Researchers at Intel Labs and Cornell University have just demonstrated the unique capabilities of Loihi, an Intel neuromorphic research chip, to identify a variety of harmful chemicals by smell alone. Loihi analyzes and identifies every chemical in the test sample without destroying previously learned memories of odors, the researchers said. Loihi also shows greater accuracy than traditional identification systems, including deep learning.
(Pictured: Intel Labs)
In contrast, deep learning systems require approximately 3000 times the sample training to reach the same level as Loihi. Nabil Imam, senior research scientist at Intel Labs, says:
We are developing neural algorithms on Loihi to mimic the associated reactions that occur in the brain after smelling.
This work is a model of the intersection of contemporary neuroscience and artificial intelligence, demonstrating Loihi’s potential to deliver important sensing capabilities that benefit all industries.
It is reported that as a hardware, the Intel Loihi chip is designed to mimic how the human brain handles and solves problems. It was first announced in September 2017, when Intel called it an “incredible learning speed.”
The chip is unique in its ability to infer new data using known knowledge, which accelerates its learning process exponentially over time.
The Loihi chip, designed with a architecture based on ‘neuromorphic computing’, was inspired by scientists’ understanding of the human brain and its latest problem solving research.
According to a study published today in the journal Nature Machine Intelligence, it can be seen how the Intel lab and Cornell University’s research team built the neural algorithm skewed from scratch based on the structure and dynamics of the human brain’s olfactory circuit.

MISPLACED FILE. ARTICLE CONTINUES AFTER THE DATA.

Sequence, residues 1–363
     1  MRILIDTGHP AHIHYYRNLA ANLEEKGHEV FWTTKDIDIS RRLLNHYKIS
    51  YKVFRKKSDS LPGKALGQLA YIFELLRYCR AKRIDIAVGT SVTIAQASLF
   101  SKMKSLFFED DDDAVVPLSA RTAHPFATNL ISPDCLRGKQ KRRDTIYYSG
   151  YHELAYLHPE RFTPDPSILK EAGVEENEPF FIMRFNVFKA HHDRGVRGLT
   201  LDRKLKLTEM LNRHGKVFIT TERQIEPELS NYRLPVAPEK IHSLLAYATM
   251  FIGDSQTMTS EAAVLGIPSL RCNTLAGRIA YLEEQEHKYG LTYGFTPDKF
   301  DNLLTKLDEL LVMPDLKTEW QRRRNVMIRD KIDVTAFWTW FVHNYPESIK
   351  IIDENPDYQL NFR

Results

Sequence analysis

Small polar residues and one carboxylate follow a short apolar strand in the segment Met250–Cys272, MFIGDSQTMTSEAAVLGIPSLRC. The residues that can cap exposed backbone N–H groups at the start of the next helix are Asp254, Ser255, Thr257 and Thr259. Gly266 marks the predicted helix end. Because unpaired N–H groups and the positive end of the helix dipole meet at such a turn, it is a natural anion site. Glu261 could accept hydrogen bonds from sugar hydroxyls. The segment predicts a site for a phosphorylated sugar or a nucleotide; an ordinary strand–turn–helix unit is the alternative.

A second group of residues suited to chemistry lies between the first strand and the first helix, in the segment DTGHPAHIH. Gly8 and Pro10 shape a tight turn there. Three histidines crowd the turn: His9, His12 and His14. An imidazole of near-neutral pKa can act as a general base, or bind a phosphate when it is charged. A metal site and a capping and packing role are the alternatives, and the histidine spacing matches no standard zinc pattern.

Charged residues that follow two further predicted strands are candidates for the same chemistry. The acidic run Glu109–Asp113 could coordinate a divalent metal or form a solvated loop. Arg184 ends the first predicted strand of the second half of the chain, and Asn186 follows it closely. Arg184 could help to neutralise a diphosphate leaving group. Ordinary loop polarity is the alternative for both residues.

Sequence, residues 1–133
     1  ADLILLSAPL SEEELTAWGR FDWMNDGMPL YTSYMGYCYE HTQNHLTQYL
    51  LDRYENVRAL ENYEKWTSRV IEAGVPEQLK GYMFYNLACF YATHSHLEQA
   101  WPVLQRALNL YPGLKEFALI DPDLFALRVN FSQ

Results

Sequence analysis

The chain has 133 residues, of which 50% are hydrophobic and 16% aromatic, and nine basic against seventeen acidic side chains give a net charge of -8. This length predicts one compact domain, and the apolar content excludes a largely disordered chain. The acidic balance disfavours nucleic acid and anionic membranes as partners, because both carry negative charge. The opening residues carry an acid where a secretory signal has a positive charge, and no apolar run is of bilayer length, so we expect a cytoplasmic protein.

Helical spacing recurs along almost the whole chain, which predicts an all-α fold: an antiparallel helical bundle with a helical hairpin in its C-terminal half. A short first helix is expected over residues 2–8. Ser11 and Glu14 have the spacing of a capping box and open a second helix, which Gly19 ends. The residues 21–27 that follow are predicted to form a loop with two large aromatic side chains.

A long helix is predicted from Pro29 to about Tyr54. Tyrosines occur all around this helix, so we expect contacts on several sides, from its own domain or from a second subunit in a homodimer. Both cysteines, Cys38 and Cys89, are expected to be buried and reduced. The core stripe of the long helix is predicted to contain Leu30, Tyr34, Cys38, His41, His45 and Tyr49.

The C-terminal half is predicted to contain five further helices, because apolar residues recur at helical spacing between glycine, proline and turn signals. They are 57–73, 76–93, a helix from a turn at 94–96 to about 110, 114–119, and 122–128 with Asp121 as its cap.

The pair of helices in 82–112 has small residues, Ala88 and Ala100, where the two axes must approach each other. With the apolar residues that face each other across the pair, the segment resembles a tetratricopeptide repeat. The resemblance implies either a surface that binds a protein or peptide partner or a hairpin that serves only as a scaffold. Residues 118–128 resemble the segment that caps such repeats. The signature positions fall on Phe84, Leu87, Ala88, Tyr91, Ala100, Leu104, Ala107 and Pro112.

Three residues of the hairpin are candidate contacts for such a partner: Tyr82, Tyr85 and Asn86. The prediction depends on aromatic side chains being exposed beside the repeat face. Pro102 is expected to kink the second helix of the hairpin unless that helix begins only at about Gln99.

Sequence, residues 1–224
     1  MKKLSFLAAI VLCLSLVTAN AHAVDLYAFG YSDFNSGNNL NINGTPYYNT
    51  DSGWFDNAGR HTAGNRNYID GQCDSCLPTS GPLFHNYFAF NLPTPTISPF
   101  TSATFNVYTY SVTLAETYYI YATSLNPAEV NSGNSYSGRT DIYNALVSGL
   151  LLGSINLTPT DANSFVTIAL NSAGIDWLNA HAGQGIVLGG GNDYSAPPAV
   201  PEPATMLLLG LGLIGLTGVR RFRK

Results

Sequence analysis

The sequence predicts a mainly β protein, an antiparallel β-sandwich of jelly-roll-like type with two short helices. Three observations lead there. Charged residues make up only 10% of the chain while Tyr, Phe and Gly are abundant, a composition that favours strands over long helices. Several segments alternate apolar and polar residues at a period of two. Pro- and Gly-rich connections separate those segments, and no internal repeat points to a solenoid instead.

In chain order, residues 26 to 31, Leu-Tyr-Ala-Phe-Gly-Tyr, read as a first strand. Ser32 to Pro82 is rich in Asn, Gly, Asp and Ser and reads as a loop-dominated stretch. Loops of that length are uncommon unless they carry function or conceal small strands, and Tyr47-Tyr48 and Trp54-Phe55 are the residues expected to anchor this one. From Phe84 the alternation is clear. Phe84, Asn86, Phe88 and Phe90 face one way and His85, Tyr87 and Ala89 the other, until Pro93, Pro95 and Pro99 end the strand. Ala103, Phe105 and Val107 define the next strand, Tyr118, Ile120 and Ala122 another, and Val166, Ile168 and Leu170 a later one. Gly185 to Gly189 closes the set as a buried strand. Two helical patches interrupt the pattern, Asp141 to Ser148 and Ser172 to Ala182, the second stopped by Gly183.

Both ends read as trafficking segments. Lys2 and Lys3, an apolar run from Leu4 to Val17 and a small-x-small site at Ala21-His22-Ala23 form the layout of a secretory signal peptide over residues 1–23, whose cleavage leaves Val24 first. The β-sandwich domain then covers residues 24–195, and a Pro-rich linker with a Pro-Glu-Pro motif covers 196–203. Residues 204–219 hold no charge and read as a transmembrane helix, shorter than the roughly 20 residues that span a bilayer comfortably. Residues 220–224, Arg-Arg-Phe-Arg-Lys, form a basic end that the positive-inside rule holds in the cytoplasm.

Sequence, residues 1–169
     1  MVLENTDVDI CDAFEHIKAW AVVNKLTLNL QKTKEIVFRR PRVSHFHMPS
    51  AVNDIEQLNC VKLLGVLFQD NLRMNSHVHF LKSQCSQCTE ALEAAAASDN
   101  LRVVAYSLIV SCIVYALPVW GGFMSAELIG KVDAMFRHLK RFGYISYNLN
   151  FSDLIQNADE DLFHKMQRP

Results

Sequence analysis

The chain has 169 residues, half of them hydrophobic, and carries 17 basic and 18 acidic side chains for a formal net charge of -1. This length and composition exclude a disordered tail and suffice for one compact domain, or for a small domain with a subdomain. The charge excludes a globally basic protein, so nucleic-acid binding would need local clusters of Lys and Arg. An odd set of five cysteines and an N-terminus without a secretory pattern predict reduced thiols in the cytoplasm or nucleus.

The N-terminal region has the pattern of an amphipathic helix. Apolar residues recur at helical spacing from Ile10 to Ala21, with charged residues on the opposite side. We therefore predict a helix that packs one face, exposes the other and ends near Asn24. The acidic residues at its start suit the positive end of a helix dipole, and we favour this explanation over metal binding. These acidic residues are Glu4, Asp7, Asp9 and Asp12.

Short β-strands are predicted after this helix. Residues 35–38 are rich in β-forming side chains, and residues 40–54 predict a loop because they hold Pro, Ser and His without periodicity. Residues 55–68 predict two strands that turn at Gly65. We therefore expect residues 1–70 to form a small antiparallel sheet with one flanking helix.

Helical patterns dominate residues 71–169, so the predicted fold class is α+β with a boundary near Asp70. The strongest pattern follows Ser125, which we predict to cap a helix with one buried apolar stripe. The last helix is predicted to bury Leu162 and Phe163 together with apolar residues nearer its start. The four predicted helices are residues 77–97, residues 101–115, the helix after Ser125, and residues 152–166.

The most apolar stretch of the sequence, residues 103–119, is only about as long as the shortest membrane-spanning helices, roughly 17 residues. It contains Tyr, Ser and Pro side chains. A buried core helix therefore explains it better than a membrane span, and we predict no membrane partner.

The chip now learns and identifies the odors of 10 different dangerous chemicals, the same principle behind which the human brain perceives different odors.
For example, when a person picks up a grapefruit and smells it, the fruit’s molecule stimulates the olfactory cells in the nose and sends the relevant signals to the brain.
Electrical impulses in interconnected neurons can then produce a unique feeling about the smell.
“Whether you smell grapefruit, rose, or harmful gas, the network of neurons in the brain produces a feeling specific to the object,” the Intel researchers explained.
Visual and auditory feelings are similar, with the brain’s memory, interests, and decisions all being associated with neural networks and calculations in specific ways.
In the latest study, the Intel team used a data set that included the activity of 72 known chemical receptors in the brain and how they responded to the chemical odors of each substance.
The team used the data for so-called ‘biool circuits’ on Loihi to enable Loihi to identify the neural circuits of each odor.
Patrick Moorhead, an analyst at Moor Insights and Strategy, told Silicon ANGLE that the study is a great example of determining the neural morphology of the odors of various harmful chemicals.
Looking ahead, the technology could be used as an ‘electronic nasal system’ to help doctors diagnose a variety of diseases. Other uses include the development of more efficient smoke/carbon monoxide alarms, or explosive biodetecting systems at airports.
Next, the team also wants to extend the technology to more problem solutions, from sensory scenario analysis (understanding the connections between observed objects) to abstract problems (such as planning and decision-making).